File contains a list of contacts for the Advisory Committee on the Interim Moratorium on Reproductive and Genetic Technologies, correspondence regarding Sherwin's professional activities and teaching capacities with Dalhousie's Philosophy Department, and a photograph of Sherwin and Roland Puccetti.
Fonds consists of a wide variety of materials related to the personal life and professional activities of David Braybrooke. Records include personal materials such as biographical information, curricula vitae, financial records, personal correspondence, school records and memorabilia; records related to committees and associations such as meeting reports, professional correspondence and transcripts of speeches; publications by Braybrooke and others; research documentation and manuscripts; and teaching materials including lecture transcripts, examinations, assignments and student correspondence.
Fonds consists of a printed copy of Ritchie's thesis, completed in 1889 at Cornell University; two essay offprints from The Dalhousie Review; and a hand-bound catalogue of Ritchie's book collection, with her personal bookplate on the endpapers.
Fonds comprises records documenting Françoise Baylis's work as a bioethics scholar, educator and public intellectual, including her teaching, research, publishing and professional activities. Records include lecture and presentation notes and slides, manuscripts, publishing contracts, editorial correspondence and reviews, committee notes, agendas and correspondence.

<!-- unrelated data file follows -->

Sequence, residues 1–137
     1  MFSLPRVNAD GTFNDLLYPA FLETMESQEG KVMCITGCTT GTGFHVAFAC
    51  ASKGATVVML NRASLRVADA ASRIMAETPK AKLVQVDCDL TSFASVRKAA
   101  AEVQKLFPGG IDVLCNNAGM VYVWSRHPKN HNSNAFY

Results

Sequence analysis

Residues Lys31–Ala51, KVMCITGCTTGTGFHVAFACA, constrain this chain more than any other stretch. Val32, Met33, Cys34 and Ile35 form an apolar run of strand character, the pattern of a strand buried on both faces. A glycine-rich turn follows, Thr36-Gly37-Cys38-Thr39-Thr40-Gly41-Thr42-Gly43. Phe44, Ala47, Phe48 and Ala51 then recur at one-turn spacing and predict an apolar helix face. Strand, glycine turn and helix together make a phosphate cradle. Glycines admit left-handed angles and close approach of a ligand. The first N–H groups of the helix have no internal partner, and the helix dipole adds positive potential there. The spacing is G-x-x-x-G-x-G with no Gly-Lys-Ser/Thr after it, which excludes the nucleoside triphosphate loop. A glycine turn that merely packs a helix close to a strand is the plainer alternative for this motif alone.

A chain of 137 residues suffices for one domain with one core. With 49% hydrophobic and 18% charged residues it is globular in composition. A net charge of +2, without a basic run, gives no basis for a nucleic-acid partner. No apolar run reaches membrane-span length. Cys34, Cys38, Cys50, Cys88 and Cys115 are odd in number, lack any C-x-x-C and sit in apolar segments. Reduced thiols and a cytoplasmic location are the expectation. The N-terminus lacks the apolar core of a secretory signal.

Fonds consists of records primarily originating from Herbert L. Stewart's work as a philosopher, professor, and political commentator. Records include manuscripts and typescripts, notes, scrapbooks, diaries, offprints, reports, and correspondence. One series comprises Stewart's collection of his father's sermons, notes, and correspondence.
This introductory lecture written by James Dinwiddie discusses natural philosophy. Dinwiddie draws on past philosophers including Rene Descartes, Plato, and John Locke to describe Nature and man's relationship with her.
Item is a bound book of lecture notes written as a series of consecutively numbered questions and answers on moral philosophy. The book was written during the 1838-1839 session of Professor Hercules Scott's lectures and contains 125 closely written pages.